Katrina Williams, Deputy Permanent Representative to the European Union, represented the UK at Agriculture and Fisheries Council in Luxembourg on 14 and 15 October.
The main item on fisheries policy was fixing the 2020 fishing opportunities in the Baltic sea. Member states agreed on the total allowable catches (TACs) and quotas for the 10 most commercially important fish stocks in the Baltic sea. The Council also agreed to supplement the existing partial general approach on the proposal for the next European Maritime and Fisheries Fund (EMFF) post-2020. Elements relating to the monitoring and evaluation of the EMFF were added to the Council’s mandate for its negotiations with the European Parliament.
Member states exchanged views on the EU position for the annual consultation with Norway on the framework of the bilateral fisheries agreement for 2020. The UK intervened in the debate, highlighting the importance of managing joint stocks with Norway in a sustainable way. The Council also exchanged views on the annual meeting of the International Commission for the Conservation of Atlantic Tunas (ICCAT), scheduled for 18 to 25 November 2019 in Palma de Mallorca, Spain.
On agriculture, member states discussed the progress report on the work relating to the post-2020 Common Agricultural Policy (CAP) reform package. During the debate, the French delegation presented a common paper on the CAP budget on behalf of a number of member states. Their proposal to maintain the CAP budget at the current EU27 level under the next Multiannual Financial Framework (MFF) received support from a number of delegations.
The Commission updated member states about the latest developments in the most important agricultural markets. Ministers welcomed the outlook in the main market segments, but expressed concerns about the difficulties in the sugar, olive and table olives, beef and rice sectors. In conjunction with the agenda item, the Italian delegation informed the Council on the damage caused by the Asian stink bug (Halyomorpha halys) to its fruit and vegetables sector.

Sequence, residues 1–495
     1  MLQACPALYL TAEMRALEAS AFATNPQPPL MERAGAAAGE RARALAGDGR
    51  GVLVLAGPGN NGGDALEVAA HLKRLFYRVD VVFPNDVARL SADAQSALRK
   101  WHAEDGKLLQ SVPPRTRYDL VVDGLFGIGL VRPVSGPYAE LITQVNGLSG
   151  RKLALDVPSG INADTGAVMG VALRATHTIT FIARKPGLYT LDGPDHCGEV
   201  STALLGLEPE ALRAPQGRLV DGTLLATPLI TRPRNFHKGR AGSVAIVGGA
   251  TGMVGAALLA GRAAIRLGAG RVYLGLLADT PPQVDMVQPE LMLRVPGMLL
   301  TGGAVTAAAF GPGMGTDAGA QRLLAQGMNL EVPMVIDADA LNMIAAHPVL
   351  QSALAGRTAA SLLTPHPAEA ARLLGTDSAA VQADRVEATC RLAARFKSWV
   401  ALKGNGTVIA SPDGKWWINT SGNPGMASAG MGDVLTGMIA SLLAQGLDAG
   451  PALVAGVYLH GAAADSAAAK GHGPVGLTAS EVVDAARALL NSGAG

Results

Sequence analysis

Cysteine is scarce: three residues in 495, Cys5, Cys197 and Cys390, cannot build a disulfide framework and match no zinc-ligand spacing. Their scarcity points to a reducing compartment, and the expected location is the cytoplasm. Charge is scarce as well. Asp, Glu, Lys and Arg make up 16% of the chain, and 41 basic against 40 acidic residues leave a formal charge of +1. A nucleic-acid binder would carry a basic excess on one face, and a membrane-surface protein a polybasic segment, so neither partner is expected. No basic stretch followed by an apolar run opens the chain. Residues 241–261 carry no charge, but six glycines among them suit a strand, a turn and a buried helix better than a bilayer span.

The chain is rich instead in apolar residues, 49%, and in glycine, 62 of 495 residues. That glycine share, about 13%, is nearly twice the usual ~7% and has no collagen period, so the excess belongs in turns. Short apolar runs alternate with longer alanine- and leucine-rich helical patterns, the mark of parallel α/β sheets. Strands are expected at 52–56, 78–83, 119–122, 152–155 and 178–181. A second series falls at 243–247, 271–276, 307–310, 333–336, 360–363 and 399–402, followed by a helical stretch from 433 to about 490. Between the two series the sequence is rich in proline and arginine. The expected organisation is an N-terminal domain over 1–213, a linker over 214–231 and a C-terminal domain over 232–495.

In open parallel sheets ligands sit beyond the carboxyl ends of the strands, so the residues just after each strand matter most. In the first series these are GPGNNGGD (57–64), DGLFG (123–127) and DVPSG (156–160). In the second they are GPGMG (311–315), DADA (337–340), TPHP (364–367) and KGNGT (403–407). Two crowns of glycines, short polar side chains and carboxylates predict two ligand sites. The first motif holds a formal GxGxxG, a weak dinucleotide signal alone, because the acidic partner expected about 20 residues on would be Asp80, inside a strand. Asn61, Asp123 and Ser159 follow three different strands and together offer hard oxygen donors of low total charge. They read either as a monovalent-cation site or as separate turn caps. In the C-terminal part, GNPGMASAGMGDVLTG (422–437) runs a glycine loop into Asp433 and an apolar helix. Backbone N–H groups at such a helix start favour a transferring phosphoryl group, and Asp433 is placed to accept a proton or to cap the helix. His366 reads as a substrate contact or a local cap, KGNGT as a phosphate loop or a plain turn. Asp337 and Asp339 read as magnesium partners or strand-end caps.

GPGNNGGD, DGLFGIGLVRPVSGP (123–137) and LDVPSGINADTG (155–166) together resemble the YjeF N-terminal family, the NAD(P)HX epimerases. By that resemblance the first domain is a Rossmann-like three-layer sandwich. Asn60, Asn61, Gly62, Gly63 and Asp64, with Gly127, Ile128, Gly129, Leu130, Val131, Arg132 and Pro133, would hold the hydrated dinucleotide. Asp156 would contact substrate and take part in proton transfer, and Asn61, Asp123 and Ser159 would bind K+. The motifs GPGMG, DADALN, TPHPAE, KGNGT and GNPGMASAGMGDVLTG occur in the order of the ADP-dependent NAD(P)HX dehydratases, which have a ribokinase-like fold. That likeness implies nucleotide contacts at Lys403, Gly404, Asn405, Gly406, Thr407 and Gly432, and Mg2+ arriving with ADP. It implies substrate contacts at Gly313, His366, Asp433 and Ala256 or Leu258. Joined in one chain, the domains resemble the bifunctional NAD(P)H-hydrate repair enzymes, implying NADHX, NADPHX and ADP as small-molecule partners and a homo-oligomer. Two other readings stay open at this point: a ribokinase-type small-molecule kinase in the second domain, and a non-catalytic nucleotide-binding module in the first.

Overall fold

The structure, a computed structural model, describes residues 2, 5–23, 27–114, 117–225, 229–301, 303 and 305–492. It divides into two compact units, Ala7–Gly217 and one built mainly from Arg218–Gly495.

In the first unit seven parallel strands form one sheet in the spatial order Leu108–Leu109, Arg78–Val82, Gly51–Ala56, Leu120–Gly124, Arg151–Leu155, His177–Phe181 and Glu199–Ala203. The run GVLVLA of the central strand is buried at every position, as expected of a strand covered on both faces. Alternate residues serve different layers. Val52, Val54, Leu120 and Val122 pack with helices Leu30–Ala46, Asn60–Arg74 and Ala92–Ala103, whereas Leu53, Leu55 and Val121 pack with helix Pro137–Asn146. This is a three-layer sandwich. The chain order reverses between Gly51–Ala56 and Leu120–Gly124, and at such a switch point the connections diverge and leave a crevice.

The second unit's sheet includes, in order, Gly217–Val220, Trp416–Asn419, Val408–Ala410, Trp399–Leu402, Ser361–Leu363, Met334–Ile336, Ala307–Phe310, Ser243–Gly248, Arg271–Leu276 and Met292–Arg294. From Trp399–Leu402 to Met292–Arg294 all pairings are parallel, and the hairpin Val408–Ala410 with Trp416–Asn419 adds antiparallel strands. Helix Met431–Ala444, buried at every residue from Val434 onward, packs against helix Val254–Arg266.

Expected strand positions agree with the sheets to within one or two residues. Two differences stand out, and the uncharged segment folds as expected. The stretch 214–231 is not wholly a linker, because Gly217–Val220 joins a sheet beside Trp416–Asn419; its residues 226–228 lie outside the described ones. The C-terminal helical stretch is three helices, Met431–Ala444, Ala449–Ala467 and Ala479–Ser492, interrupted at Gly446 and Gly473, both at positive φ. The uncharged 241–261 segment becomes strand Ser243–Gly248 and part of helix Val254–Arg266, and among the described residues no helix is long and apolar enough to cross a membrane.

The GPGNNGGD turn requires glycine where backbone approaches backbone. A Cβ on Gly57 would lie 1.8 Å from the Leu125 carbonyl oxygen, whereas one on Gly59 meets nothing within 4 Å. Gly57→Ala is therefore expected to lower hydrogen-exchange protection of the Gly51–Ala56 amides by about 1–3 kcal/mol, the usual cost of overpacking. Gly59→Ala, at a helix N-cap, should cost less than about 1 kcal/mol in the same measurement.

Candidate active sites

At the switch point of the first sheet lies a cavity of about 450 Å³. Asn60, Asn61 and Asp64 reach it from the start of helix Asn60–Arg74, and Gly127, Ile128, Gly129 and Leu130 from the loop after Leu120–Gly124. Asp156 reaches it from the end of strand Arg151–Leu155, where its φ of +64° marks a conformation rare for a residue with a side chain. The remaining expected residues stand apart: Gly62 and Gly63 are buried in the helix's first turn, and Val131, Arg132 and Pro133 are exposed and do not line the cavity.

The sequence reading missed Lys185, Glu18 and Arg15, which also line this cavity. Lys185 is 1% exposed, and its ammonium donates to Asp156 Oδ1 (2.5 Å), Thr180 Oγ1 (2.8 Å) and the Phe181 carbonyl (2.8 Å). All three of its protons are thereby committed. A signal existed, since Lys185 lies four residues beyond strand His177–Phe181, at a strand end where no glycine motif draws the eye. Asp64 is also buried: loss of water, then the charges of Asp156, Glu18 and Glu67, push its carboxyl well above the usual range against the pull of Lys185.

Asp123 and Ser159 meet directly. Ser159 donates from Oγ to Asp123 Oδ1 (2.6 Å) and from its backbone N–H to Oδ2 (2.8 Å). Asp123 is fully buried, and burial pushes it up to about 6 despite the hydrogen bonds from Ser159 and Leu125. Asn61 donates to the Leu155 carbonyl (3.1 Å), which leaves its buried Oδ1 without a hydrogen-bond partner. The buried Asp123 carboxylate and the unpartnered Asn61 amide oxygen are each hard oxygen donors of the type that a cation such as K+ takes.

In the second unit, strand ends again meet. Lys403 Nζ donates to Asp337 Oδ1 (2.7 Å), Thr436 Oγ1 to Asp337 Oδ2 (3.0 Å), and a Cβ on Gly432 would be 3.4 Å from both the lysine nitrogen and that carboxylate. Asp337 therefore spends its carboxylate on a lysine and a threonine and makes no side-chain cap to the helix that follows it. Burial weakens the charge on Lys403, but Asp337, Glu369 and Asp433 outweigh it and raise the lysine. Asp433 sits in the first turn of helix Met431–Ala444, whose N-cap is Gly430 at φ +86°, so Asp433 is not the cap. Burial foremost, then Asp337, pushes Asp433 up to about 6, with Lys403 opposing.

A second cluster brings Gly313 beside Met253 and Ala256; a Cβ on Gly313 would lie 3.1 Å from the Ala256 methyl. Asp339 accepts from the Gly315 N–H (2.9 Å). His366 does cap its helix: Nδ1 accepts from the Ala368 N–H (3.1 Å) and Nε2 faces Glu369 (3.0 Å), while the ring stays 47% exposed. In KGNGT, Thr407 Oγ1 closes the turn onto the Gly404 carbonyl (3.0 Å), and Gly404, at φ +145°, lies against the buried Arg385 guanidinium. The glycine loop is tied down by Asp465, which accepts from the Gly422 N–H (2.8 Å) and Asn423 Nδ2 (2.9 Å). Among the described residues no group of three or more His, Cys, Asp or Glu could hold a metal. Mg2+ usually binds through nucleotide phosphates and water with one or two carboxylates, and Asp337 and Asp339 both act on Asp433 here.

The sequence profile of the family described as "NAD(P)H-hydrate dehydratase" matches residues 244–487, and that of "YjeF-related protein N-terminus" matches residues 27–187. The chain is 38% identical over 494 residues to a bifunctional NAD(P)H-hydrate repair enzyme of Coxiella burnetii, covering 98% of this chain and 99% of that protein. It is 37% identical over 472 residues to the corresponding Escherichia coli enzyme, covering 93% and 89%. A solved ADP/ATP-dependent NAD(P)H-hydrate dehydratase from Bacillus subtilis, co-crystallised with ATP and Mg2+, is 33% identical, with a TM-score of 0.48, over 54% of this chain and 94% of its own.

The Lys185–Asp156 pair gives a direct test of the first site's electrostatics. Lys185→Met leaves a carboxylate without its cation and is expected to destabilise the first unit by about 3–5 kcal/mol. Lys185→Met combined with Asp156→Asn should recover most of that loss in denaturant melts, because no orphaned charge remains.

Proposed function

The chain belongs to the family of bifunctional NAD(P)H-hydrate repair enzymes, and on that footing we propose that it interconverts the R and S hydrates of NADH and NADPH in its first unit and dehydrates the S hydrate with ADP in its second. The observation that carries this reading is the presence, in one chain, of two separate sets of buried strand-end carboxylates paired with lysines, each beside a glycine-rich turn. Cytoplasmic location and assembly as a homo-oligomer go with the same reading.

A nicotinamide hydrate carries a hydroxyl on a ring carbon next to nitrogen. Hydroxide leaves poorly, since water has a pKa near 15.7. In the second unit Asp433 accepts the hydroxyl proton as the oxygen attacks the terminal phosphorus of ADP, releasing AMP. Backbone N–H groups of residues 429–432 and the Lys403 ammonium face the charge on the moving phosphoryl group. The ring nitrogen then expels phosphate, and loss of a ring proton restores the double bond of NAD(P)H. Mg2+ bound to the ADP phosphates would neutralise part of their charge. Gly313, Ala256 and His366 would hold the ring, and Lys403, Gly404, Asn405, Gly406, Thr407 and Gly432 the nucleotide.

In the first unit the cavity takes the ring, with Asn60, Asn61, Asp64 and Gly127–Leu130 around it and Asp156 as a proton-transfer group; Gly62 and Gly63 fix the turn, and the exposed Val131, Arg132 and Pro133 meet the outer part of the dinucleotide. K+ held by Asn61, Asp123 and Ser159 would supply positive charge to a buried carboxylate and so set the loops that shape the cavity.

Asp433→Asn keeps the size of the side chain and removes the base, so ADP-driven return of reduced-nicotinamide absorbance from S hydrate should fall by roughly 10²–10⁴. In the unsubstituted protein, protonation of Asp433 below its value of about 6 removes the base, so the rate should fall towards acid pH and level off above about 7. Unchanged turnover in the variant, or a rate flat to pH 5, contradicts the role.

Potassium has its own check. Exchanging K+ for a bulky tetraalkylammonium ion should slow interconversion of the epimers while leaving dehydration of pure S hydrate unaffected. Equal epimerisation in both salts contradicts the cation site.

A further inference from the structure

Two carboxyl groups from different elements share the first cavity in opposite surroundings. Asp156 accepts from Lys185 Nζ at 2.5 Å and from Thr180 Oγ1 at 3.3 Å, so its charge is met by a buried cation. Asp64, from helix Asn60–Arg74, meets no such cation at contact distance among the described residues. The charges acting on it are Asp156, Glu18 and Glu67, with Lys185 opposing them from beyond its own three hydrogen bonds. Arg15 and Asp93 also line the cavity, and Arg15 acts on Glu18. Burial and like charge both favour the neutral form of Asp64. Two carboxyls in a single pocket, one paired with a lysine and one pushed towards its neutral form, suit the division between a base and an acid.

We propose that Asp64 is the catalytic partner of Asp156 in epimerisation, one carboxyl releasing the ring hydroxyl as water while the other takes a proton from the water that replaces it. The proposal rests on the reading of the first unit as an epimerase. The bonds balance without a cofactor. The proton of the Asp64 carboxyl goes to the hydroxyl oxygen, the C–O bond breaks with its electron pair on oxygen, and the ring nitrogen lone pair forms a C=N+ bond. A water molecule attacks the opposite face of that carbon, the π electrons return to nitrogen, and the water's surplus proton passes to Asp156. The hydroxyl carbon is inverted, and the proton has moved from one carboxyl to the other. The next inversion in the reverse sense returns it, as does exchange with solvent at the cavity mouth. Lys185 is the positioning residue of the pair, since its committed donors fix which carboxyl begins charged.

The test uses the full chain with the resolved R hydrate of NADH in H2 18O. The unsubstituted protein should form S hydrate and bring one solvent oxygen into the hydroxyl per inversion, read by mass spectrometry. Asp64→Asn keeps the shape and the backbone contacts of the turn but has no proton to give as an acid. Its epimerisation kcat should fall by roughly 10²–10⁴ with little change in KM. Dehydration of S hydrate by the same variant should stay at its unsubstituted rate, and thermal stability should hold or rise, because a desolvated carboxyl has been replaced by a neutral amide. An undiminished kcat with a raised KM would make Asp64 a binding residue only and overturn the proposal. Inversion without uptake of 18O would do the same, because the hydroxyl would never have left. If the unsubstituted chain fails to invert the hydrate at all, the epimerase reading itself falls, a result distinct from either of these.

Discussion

Member states also discussed the potential effects of the recent announcement of the United States to impose additional duties on a list of EU agrifood products as a consequence of the airbus World Trade Organisation (WTO) judgement. The UK called for a united approach to achieve a negotiated settlement. Commissioner Hogan underscored the Commission’s commitment to protect EU food production and geographical indications (GIs), including through intervention and the promotion of aid if necessary.
On forestry, member states held an exchange of views on the Commission’s communication on stepping up EU action to protect and restore the world’s forests. Together with other members of the Amsterdam declaration partnership, the UK highlighted the need for action and outlined its own initiatives. The Council also held an exchange of views on the EU forest strategy post-2020 and was informed about a joint statement by various member states on sustainable forestry.
Further items were discussed under ‘any other business’:
The presidency briefed Ministers on the outcome of the European Bioeconomy Scene 2019, which was held in Helsinki on 8 to 10 July. The aim of the conference was to raise public awareness and work towards a sustainable bioeconomy in Europe.
The Slovenian delegation informed the Council about the outcome of the ministerial conference “Strengthening the Generation and Transfer of Knowledge for the Progress of Agriculture and the Rural Areas”, which took place in Ptuj, Slovenia on 23 August 2019. The outcome was a joint declaration, which sets out a proposal for promoting the transfer of knowledge and innovation in the agricultural sector.
The Commission updated the Council on the current situation on African swine fever (ASF), asking member states to consider increasing national measures. Czechia presented a declaration on combatting ASF, calling for further multinational collaboration, additional EU co-funding and intensified research.
The French delegation presented a joint declaration on wolf management on behalf of a number of member states. The signatory member states asked the Commission to consider their concerns when revising the guidance on the protection of species under the habitats directive, providing flexibility in the sustainable management of wolf populations.
The Commission updated member states about the state of play on major issues in food safety, outlining the most important achievements of its term. This included the overhaul of the official controls legislation, improvements to animal health law and animal welfare, improved plant health legislation, and risk assessment in the food chain. In the context of the debate, the Belgian delegation gave an overview of the recent cases of Listeria monocytogenes in the EU, stressing the need to increase collaboration in order to detect transboundary outbreaks earlier.